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Appellants’ homeowners insurance policy with State Farm Fire and Casualty Company provided that State Farm will be only the “actual cash value” at the time of the loss of damaged property. Appellants brought a putative class action lawsuit against State Farm, claiming that State Farm breached the terms of Appellants’ policy when it calculated the actual cash value of damaged property. Specifically, Appellants alleged that State Farm’s practice of depreciating embedded labor costs breached State Farm’s duty to indemnify the insured for the actual cash value of the damaged property. The district court certified a question regarding the issue to the Supreme Court. The Court answered that, absent specific language in the insurance policy that identifies the method of calculating actual cash value, the trier of fact may consider, among many other factors, embedded-labor-cost depreciation when such evidence logically tends to establish the actual cash value of a covered loss. View "Wilcox v. State Farm Fire & Cas. Co." on Justia Law

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The apartment building in which Tenants lived was damaged by a fire. For purposes of this appeal, the parties agreed that the fire was caused by Tenants’ negligence. Landlord’s insurer paid for the repairs to the building and then brought this subrogation action against Tenants in the name of Landlord to recover the money it paid to repair the damage caused by the fire. The district court granted summary judgment in favor of Tenants, determining that the parties did not reasonably expect that Tenants would be liable for the damage they caused. The court of appeals reversed, concluding that the lease agreement clearly reflected the parties’ intention that Tenants would reimburse Landlord for any damage caused by their negligence. The Supreme Court affirmed in part and reversed in part, holding (1) under the circumstances of this case, it is reasonable that Tenants should be liable for negligence they caused to the leased premises; but (2) the parties would not reasonably have expected that Tenants would be liable for damage to other property belonging to Landlord. Remanded. View "Melrose Gates, LLC v. Moua" on Justia Law

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Appellant represented a client pursuant to a contingent-fee agreement but voluntarily withdrew from the representation of the client when efforts to settle the case failed. The client subsequently retained substitute counsel, and substitute counsel successfully negotiated a settlement. Appellant filed suit seeking to recover in quantum meruit the value of the services provided prior to withdrawal. The district court entered judgment against Appellant, concluding that Appellant was not entitled to recover in quantum meruit because he failed to establish good cause for withdrawal. The Supreme Court affirmed, holding (1) an attorney may withdraw from a contingent-fee agreement with or without cause, provided that the withdrawal satisfies the rule of professional responsibility; (2) the attorney may recover in quantum meruit the reasonable value of the services rendered prior to withdrawal if the attorney establishes that the withdrawal is for good cause; and (3) Appellant in this case failed to establish good cause. View "In re Petition for Distribution of Attorney’s Fees between Stowman Law Firm, P.A., and Lori Peterson Law Firm" on Justia Law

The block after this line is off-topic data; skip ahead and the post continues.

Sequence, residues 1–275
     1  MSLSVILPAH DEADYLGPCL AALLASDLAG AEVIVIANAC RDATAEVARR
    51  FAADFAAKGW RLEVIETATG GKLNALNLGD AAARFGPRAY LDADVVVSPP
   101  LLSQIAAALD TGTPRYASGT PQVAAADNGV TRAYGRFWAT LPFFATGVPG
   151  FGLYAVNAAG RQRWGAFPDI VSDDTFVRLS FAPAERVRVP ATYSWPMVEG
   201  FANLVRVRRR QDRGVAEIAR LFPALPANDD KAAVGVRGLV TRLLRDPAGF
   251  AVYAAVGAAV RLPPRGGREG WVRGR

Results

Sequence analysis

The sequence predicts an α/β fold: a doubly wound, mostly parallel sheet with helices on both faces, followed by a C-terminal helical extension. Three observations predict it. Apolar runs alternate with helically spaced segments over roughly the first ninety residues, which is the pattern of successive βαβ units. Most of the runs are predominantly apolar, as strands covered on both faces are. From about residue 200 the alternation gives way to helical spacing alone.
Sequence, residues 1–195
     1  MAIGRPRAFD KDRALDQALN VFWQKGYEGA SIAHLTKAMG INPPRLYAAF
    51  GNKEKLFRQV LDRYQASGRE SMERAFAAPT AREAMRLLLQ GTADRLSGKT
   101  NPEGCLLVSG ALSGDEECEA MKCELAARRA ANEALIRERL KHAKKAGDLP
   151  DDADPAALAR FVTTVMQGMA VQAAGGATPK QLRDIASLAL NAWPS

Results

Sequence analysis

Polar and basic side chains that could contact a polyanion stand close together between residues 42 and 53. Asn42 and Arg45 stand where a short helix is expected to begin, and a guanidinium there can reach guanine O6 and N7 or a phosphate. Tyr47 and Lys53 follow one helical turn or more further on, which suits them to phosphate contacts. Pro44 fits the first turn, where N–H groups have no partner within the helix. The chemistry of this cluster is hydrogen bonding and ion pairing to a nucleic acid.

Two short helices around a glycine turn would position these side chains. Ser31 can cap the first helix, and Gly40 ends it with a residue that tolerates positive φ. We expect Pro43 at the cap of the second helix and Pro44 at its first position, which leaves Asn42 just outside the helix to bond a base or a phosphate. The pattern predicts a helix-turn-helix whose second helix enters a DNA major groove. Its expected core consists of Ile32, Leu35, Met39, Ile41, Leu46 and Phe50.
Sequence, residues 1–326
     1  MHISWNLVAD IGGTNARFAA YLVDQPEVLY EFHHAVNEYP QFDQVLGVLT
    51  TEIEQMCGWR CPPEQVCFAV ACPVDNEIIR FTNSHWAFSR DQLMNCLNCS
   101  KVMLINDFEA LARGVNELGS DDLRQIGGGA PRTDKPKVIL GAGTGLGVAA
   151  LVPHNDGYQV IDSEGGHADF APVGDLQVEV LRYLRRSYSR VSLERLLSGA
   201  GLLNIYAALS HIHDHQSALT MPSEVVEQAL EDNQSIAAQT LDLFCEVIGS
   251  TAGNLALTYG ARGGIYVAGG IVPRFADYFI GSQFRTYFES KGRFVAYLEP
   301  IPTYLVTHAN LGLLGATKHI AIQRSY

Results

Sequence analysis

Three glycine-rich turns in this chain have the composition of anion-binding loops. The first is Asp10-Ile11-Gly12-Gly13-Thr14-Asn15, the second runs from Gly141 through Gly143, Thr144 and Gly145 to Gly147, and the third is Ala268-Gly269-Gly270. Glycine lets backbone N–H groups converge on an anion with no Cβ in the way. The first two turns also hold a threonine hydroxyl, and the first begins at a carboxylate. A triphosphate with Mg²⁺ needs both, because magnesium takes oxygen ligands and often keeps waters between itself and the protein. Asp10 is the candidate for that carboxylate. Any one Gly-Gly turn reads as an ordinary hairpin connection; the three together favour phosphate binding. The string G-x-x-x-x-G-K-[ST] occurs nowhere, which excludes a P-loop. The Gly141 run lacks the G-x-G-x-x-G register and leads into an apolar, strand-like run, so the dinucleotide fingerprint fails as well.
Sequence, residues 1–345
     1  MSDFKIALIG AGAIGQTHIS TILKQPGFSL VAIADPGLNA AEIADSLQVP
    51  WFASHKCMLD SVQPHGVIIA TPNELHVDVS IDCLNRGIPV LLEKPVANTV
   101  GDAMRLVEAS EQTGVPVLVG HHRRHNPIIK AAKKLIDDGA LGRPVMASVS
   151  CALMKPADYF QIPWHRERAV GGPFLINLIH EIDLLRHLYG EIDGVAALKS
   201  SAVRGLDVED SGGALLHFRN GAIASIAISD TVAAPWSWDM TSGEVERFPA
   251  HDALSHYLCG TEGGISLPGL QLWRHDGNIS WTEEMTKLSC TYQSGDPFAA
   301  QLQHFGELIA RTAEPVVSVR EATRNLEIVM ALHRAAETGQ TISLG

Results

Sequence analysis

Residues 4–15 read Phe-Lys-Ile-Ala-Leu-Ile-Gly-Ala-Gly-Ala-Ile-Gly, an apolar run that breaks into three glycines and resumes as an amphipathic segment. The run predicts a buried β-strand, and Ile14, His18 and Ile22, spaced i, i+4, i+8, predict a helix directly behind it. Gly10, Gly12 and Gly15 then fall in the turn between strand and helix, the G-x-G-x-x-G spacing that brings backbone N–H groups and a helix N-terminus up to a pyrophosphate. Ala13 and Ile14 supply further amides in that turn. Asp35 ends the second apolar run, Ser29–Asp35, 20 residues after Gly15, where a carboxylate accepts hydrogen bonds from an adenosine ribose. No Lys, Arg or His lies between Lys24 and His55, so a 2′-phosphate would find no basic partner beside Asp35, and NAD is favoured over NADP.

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Lyon filed a breach of contract action against Illinois Paper in federal district court, alleging that Illinois Paper had breached a contractual representation and warranty that all lease transactions presented to Lyon for review would be "valid and fully enforceable agreements." The Seventh Circuit certified questions to the court under Minn. Stat. 480.065. The court reformulated the questions and held that a claim for breach of a contractual representation of future legal compliance is actionable under Minnesota law without proof of reliance. View "Lyon Financial Services, Inc. v. Illinois Paper and Copier Co." on Justia Law